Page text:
The year 1988 would mark the Buick Regal’s change from its old rear-drive G-platform to a new front-drive W-platform, but also signaled the end of the Grand National – arguably, one of the sportiest Buicks built since the 1970s.; To celebrate – and go out with a bang – Buick decided to build the ultimate Grand National: the 1987 GNX.
GM engineers began work on the project in late 1986, partnering with colleagues at American Sunroof Company and McLaren Engines to develop the program.; Given the budget and time constraints, no party had time to re-work the innards of the Grand National’s 3.8-liter turbocharged V-6 – but they could work on external components.
The motor was treated to a modified Garrett T-3 turbocharger with a ceramic impeller, revised intake and exhaust systems, a larger intercooler, and a tweaked engine computer.; These changes yielded 276 hp and 360 lb-ft of torque – a significant boost from a base Grand National, which in 1987, delivered only 245 hp.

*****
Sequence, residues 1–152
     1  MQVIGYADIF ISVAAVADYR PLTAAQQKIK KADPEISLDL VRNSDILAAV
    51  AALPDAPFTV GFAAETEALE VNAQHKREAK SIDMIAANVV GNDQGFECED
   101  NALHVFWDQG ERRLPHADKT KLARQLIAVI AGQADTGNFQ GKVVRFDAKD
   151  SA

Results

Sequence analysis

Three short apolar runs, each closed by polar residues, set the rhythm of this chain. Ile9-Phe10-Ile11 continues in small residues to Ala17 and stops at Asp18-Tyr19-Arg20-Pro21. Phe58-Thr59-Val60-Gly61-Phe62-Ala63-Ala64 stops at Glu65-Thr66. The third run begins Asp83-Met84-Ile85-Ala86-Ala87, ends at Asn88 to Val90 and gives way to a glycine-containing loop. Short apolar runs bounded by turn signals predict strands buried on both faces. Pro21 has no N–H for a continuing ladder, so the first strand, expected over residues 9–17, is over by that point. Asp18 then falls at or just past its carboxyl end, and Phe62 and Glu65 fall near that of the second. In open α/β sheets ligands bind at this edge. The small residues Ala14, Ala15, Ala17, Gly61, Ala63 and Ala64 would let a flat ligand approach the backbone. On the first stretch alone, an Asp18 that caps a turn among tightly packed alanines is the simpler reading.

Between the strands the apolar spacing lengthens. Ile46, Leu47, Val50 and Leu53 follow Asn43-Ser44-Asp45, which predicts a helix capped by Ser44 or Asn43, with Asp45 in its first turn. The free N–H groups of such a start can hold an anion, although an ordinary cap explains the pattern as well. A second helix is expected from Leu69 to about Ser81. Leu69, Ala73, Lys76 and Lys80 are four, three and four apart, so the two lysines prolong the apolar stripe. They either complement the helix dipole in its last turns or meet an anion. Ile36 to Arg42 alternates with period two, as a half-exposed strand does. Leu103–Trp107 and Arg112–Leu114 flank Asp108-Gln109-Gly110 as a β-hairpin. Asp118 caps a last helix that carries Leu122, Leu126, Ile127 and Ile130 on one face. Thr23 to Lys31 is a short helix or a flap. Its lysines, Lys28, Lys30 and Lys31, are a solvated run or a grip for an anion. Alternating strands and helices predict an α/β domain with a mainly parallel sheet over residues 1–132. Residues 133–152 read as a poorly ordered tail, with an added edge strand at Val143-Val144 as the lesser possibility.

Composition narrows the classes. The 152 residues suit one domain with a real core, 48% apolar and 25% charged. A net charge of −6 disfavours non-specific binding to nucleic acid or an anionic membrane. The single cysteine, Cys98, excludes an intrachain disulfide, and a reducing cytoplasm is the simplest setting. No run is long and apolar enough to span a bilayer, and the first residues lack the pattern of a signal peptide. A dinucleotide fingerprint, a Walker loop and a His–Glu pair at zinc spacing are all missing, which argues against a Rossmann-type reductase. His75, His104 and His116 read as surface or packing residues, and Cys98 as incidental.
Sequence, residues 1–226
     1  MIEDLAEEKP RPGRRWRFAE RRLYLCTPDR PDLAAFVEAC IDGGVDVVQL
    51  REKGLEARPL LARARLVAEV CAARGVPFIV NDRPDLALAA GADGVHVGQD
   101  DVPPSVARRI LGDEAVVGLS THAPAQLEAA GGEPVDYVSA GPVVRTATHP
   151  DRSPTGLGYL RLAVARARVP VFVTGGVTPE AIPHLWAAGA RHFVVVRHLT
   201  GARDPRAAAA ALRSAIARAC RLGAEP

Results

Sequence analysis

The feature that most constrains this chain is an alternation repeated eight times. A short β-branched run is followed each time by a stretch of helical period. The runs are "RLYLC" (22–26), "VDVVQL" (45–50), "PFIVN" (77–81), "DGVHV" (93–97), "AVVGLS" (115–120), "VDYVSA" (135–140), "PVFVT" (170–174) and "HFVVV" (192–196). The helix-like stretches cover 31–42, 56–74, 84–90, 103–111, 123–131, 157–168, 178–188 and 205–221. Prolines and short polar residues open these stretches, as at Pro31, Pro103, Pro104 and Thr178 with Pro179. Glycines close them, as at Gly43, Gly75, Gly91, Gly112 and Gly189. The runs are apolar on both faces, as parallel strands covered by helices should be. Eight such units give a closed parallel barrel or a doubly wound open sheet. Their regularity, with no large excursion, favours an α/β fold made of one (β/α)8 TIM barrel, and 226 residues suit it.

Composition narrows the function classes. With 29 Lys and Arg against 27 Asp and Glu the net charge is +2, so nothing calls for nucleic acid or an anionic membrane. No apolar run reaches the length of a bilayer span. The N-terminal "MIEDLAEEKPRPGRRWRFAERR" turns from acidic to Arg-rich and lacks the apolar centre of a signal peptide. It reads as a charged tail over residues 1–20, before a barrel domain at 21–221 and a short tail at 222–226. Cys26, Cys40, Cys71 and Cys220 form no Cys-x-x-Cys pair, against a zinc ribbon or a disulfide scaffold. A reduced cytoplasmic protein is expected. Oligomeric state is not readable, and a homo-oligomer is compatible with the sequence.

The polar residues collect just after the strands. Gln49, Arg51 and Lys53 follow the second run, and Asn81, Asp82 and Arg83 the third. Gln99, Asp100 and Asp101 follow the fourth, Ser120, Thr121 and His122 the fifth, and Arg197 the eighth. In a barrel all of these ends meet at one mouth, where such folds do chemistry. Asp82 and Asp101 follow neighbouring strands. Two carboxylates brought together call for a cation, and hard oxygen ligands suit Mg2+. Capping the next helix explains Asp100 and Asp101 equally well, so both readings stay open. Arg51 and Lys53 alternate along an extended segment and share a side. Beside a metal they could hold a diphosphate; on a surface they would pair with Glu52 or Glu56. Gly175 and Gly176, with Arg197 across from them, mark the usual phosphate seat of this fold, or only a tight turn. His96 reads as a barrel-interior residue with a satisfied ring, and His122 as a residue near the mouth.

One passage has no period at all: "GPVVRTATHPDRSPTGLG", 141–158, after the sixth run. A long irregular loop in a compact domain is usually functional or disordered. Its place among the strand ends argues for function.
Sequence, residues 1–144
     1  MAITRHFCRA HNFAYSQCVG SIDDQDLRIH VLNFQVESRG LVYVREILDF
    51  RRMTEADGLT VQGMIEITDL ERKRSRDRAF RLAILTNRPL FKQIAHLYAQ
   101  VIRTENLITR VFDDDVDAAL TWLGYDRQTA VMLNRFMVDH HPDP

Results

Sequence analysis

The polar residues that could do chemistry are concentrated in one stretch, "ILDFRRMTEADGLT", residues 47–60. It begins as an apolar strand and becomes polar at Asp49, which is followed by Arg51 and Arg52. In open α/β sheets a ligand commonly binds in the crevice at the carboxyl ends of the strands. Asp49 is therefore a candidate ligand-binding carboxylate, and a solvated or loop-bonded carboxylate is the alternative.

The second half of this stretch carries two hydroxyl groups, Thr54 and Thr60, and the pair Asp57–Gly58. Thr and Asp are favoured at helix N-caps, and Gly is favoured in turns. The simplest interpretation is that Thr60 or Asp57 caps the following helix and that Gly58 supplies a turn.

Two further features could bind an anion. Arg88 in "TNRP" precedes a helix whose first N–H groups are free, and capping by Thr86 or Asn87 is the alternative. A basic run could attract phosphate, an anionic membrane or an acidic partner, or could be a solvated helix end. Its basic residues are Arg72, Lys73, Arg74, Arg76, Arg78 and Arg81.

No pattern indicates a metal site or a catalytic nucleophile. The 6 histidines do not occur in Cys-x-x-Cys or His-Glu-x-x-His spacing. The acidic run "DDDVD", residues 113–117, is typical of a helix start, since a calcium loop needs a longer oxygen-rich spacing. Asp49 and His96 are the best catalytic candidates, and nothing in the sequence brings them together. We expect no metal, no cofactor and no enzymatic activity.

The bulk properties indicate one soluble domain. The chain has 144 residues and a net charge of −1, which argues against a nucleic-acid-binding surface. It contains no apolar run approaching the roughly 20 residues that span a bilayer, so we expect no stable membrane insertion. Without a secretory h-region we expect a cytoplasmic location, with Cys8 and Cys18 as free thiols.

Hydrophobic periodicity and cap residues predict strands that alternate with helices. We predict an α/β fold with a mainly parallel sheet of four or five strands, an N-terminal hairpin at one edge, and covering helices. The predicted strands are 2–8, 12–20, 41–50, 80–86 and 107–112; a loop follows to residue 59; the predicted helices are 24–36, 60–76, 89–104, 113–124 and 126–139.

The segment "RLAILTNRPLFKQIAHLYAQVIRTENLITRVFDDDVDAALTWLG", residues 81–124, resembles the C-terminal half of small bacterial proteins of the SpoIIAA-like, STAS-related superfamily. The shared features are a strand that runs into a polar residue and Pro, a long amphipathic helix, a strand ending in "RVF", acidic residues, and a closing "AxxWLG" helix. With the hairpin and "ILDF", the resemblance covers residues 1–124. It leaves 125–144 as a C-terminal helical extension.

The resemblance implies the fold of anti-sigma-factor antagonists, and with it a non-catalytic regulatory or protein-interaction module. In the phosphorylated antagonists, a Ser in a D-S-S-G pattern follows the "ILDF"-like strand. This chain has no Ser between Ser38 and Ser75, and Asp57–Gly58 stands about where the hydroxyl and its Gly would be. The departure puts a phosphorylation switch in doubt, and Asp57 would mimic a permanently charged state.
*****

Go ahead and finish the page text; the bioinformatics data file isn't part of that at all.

They also yielded some impressive performance figures.; Two GNX prototypes hit a drag strip in 1986, laying down a 0-60 time of 5.38 seconds, and made a quarter-mile sprint in 13.47 seconds at 104 mph – outperforming a naturally-aspirated Porsche 911 and even Chevrolet’s own Corvette.
Some mild chassis changes (like new rear torque bars and a Panhard rod linkage) helped channel that power to the ground, but the GNX remained a sleeper.; With a monochromatic black exterior, all production cars looked nearly identical to a normal Grand National, save for small emblems, fender portholes, cross-lace alloy wheels and analog gauges for the driver.
Such performance didn’t come cheaply; the GNX option package ran for nearly $10,000, bringing the total price for a car to a whopping $29,900 (nearly $57,000 in today’s economy).; That didn’t deter buyers; Buick had to raise production figures from an initial cap of 200 cars to 500 to meet demand.; Ultimately, 547 examples were built, making the 1987 GNX one of the most collectible – if not powerful – Buicks to date.